Tag Archives: Freud

Silent Running

The analysand’s demand is in fact a means of getting rid of this desire. Unconsciously, she wants to stop being unsatisfied and turns to a therapist in the hope that he will be able to heal her pain and remove the lack that torments her. The problem, however, is that in the long term this solution will not work. The analyst will never be able to give the analysand what she desires; all he can give her is desire as such. In other words, the analyst will only be able to help her to the extent that he leaves the analysand’s demand painfully unanswered. . . .

This strange therapeutic starting point of psychoanalysis has far-reaching implications for ethics. The “good” the analysand demands henceforth means a satisfaction of her desire. But since we are nothing other than our desire, since desire is our very being, our demand in fact aims at extinguishing desire, which is to say that it aims at our death. This is what Freud’s concept of the “death drive” already had its sights on. What we desire, whether we call it “well-being,” “good,” or the “highest good” is in fact, in the final analysis, nothing other than death, Lacan concludes. What an age-old and still valid tradition names the “good”—that is, something humankind is made for and at which our desire naturally aims—would really, were it to be realized, kill us. It would be pure evil. What one unconsciously demands in the psychoanalytic cure is in fact an “evil” that would destroy us, Lacan says, and one lives only by grace of the fact that one’s demand never gets fully answered. It is just as well that the “good” the analysand demandingly and desiringly searches for is an illusion. Complete satisfaction would simply be fatal.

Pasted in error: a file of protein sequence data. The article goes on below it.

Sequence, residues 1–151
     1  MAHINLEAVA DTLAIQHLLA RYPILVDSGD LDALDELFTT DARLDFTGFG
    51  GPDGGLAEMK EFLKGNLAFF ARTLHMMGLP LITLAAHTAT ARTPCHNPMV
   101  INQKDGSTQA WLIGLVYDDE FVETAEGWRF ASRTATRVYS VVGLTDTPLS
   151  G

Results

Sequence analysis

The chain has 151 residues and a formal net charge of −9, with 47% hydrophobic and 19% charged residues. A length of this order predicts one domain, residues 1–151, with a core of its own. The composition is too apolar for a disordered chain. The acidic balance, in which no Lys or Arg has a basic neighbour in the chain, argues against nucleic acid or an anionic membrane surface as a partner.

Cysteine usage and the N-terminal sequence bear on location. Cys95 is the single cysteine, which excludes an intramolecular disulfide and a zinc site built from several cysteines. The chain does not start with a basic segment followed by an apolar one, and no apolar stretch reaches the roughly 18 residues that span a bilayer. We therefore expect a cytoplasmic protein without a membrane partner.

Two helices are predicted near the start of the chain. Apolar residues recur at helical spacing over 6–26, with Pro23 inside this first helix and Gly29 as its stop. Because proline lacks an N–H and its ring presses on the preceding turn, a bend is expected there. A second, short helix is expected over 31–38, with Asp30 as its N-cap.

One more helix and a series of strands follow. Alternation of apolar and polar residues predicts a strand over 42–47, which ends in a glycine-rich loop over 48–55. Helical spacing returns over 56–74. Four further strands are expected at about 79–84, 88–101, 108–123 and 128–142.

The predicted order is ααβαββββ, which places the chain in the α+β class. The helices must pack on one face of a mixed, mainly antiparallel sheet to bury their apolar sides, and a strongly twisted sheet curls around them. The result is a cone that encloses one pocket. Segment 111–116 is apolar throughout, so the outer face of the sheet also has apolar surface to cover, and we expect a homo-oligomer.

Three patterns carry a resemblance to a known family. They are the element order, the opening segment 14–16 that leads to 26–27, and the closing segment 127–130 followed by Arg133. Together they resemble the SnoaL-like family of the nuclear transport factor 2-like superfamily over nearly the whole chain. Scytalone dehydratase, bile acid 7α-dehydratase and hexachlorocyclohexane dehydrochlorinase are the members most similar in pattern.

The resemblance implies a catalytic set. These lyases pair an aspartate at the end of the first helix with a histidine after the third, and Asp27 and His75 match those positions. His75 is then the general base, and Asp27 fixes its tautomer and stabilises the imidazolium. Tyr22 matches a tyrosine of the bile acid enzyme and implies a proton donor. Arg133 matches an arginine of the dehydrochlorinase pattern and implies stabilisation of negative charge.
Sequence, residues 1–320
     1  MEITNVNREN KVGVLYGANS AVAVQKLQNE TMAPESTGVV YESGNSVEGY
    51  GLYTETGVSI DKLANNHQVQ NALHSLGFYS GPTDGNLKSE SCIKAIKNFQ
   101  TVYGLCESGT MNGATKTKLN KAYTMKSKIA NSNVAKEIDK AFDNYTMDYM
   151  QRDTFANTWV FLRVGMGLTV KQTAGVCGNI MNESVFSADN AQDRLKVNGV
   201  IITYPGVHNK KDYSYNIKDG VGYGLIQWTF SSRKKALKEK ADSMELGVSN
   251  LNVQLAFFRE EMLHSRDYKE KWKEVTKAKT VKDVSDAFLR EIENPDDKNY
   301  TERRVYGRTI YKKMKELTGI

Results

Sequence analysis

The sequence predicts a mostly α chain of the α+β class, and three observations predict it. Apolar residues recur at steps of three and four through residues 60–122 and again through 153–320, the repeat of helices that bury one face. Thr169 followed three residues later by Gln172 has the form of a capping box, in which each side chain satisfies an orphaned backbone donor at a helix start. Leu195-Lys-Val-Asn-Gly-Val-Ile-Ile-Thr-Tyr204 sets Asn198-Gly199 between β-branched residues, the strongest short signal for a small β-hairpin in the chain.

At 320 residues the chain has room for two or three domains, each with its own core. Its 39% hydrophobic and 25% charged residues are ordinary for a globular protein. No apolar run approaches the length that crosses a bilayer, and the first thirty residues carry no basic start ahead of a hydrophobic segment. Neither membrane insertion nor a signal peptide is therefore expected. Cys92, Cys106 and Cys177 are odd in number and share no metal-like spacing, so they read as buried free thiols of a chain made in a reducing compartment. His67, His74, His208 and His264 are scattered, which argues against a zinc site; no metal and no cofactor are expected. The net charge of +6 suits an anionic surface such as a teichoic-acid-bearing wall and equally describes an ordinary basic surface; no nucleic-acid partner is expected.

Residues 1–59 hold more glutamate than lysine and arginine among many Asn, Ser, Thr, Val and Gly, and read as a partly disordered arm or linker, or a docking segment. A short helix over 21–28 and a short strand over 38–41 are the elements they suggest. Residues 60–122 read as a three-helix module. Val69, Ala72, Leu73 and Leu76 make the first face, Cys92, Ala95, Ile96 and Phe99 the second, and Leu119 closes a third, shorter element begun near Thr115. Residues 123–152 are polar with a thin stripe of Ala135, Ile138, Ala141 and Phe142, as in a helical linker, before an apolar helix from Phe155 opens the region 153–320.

De Kesel, Marc. Eros and Ethics. Albany, US: SUNY Press, 2009, 3-4

Pretensions of a System

The secondary revision of the product of dream-activity is an admirable example of the nature and pretensions of a system. There is an intellectual function in us which demands unity, connection and intelligibility from any material, whether of perception or thought, that comes within its grasp; and if, as a result of special circumstances, it is unable to establish a true connection, it does not hesitate to fabricate a false one. Systems constructed in this way are known to us not only from dreams, but also from phobias, from obsessive thinking and from delusions. The construction of systems is seen most strikingly in delusional disorders (in paranoia), where it dominates the symptomatic picture; but its occurrence in other forms of neuro-psychosis must not be overlooked. In all these cases it can be shown that a rearrangement of the psychical material has been made with a fresh aim in view; and the rearrangement may often have to be a drastic one if the outcome is to be made to appear intelligible from the point of view of the system. Thus a system is best characterized by the fact that at least two reasons can be discovered for each of its products: a reason based upon the premises of the system (a reason, then, which may be delusional) and a concealed reason, which we must judge to be the truly operative and the real one.